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The second part, Nothing, explores science at the very limits of human perception, where we now understand the deepest mysteries of the universe lie. Professor Jim Al-Khalili sets out to answer one very simple question - what is nothing? His journey ends with perhaps the most profound insight about reality that humanity has ever made. Everything came from nothing. The quantum world of the super small shaped the vast universe we inhabit today, and Jim can prove it.
Everything and Nothing
The Clash of Titans
The most famous – and perhaps most misunderstood – episodes in the epic history of the Holy Wars that are known to history as The Crusades – the clash between Richard the Lionheart and Saladin. In July 1192, Richard the Lionheart stood poised for a strike on Jerusalem, while Saladin – mighty sultan of Islam – readied his troops inside the city, preparing for the inevitable attack. During a year-long campaign across Palestine, these two legendary leaders had fought each other to a stand-still. Thousands had perished, appalling atrocities had been perpetrated on both sides. And now they faced each other in a battle for their sacred objective.
These scientists are part of a global race. It's been running for over a decade... to build a mythical machine, the holy grail of calculations - a quantum computer. Remarkably, first-generation quantum computers have started to appear. Indeed, earlier this year, Google bought one. The D-Wave 2.
What if we could explore the vastness of Space? Science fiction has always fed upon our need to explore – to wonder what is out there. Space journeys from Jules Verne’s earliest ideas about attempts to leave our planet, to the Star Wars far away galaxy through to Nichelle Nichols revealing how her groundbreaking role as Lt. Uhura in Star Trek led to her participation in the recruitment of NASA’s astronauts. It explores the deep sea inspiration for Avatar, finds out why Ursula K Le Guin wrote The Left Hand of Darkness and discovers how Stanley Kubrick was able to make 2001: A Space Odyssey seem so believable. In addition, the program looks at the way Dune and The Mars Trilogy embraced the challenge of world building and discusses the appeal of the beaten up ‘dirty space’ of Dark Star and Firefly. From the horrifying scenes of Alien, to the epic spectacle of Star Wars, this is a journey to the stars and the alien encounters that await us there.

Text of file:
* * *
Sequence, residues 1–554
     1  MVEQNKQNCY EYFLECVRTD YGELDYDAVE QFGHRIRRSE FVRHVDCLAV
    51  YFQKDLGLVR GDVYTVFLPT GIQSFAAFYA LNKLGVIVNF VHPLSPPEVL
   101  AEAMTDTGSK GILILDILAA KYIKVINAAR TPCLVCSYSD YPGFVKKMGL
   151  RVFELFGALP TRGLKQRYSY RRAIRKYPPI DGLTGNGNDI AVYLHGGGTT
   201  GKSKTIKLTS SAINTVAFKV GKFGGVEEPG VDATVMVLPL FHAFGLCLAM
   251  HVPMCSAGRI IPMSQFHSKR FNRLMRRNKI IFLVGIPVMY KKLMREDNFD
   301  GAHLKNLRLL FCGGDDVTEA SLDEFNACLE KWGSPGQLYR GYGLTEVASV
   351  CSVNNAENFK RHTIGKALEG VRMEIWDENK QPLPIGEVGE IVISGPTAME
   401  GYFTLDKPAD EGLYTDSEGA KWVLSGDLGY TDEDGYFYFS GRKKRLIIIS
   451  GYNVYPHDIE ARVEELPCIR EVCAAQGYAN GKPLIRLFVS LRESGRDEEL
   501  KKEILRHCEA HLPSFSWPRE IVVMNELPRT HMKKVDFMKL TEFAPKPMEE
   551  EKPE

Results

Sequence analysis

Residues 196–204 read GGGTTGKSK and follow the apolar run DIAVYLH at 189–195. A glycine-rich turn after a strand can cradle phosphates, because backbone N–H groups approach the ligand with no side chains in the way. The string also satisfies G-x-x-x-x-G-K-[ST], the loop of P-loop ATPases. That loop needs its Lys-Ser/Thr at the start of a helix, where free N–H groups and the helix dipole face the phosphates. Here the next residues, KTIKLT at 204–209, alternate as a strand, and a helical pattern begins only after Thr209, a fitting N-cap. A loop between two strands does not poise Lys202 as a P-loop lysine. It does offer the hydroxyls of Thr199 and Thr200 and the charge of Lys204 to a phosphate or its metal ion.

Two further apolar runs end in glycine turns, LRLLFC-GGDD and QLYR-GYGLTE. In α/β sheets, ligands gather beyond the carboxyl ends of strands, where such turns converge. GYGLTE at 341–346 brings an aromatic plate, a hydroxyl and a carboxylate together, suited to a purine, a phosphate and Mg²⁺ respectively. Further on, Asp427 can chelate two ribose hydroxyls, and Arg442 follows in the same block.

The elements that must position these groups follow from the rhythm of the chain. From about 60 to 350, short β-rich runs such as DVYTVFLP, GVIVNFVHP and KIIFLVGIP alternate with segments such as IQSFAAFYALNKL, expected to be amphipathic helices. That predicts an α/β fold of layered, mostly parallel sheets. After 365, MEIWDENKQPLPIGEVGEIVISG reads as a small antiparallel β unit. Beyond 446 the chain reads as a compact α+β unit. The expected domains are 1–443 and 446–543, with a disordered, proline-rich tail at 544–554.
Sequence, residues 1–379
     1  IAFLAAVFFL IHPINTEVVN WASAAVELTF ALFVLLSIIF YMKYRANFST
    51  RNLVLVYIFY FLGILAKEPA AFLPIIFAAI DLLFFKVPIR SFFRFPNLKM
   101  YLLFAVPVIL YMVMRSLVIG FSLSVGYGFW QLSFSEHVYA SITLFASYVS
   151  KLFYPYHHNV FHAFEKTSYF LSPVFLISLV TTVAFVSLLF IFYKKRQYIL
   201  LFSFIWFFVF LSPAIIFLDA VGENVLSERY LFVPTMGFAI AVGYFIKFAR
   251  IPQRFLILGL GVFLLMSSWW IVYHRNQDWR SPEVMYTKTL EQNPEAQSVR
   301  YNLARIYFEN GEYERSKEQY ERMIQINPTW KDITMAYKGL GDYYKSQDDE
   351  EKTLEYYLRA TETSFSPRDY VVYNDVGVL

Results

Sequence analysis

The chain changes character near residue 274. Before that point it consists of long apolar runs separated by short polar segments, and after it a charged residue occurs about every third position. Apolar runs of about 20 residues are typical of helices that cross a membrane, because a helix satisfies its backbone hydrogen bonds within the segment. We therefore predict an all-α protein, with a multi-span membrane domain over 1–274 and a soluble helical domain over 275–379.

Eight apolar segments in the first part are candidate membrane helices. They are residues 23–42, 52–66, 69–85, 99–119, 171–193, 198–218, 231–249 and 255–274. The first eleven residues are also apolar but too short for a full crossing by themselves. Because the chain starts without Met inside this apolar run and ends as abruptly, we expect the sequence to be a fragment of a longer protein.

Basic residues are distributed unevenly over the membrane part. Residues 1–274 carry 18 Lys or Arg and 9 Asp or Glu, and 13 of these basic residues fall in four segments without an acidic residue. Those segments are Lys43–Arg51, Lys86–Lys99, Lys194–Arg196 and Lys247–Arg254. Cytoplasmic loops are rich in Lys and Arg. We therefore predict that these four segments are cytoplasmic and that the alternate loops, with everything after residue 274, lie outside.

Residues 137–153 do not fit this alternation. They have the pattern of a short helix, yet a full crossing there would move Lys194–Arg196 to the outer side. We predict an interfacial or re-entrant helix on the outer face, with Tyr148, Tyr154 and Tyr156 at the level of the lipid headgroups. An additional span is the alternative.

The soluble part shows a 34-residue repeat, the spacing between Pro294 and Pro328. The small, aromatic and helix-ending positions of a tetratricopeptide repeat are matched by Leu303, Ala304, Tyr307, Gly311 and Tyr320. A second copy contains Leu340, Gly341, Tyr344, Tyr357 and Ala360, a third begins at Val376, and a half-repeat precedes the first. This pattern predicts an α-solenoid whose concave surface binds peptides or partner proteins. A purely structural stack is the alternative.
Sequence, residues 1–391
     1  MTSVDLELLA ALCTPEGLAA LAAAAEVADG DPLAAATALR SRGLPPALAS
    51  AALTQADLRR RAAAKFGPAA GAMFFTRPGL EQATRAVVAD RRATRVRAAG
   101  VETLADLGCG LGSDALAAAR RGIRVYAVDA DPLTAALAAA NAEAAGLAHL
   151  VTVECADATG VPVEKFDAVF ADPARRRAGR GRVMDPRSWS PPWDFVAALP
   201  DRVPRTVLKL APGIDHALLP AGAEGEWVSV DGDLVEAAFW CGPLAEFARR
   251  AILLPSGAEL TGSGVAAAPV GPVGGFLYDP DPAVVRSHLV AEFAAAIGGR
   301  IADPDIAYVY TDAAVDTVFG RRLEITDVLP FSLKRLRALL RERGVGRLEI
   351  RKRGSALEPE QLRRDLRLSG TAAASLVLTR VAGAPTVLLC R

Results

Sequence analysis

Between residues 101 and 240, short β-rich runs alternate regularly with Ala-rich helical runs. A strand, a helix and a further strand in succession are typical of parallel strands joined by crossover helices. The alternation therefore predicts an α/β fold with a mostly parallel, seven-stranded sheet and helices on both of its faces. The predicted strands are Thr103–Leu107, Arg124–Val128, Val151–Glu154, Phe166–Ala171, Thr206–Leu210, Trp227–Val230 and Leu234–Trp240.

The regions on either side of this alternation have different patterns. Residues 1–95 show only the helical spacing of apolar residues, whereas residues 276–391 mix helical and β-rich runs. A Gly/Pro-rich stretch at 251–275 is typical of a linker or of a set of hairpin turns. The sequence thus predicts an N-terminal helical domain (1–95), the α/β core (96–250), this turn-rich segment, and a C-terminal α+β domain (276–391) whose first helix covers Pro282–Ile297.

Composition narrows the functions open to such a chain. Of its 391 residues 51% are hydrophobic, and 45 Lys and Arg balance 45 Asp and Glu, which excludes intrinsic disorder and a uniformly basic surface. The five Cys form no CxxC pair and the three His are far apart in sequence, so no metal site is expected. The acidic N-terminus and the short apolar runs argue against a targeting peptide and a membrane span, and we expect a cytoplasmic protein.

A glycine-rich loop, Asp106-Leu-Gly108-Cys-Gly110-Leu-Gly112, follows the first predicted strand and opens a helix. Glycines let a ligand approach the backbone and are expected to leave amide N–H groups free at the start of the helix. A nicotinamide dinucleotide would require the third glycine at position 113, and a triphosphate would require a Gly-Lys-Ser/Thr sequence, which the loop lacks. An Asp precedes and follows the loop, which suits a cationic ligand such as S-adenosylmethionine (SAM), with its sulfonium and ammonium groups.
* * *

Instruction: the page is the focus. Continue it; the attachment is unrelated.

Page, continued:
The Real History of Science Fiction
What if we could travel not just through space, but through time itself? If you could travel through time, would you change the past or the future? What if you found it couldn’t be changed? What price does the time traveller -- and the people they are closest to -- pay? This is a journey from H. G. Wells' The Time Machine through ideas like The Grandfather Paradox and The Butterfly Effect to the professional time traveller that is the ever popular Doctor Who. Steven Moffat, David Tennant, Karen Gillan, and Neil Gaiman offer a unique perspective on the Doctor. Edward James Olmos reveals the hidden meaning of the language he created for the vision of the future that is Blade Runner. Bob Gale and Christopher Lloyd take us behind the scenes of Back to the Future, while Ed Solomon describes the joy of solving a time travel conundrum for Bill & Ted’s Excellent Adventure. But what would be the physical and emotional cost to the time traveller? Audrey Niffenegger explains what inspired her novel The Time Traveller’s Wife. And what if someone from the future tried to travel back in time to warn us? Would we believe them? From the apocalyptic tones of 12 Monkeys to the drama of Quantum Leap and the comedy of Groundhog Day, time travel is a subject that has been irresistible to the creators of every type of science fiction.
The Real History of Science Fiction
It Was Fifty Years Ago Today
Stephen Hawking's Favorite Places
Planet Earth II
How the Universe Works Season 6
The Climate Wars
Shock and Awe: The Story of Electricity
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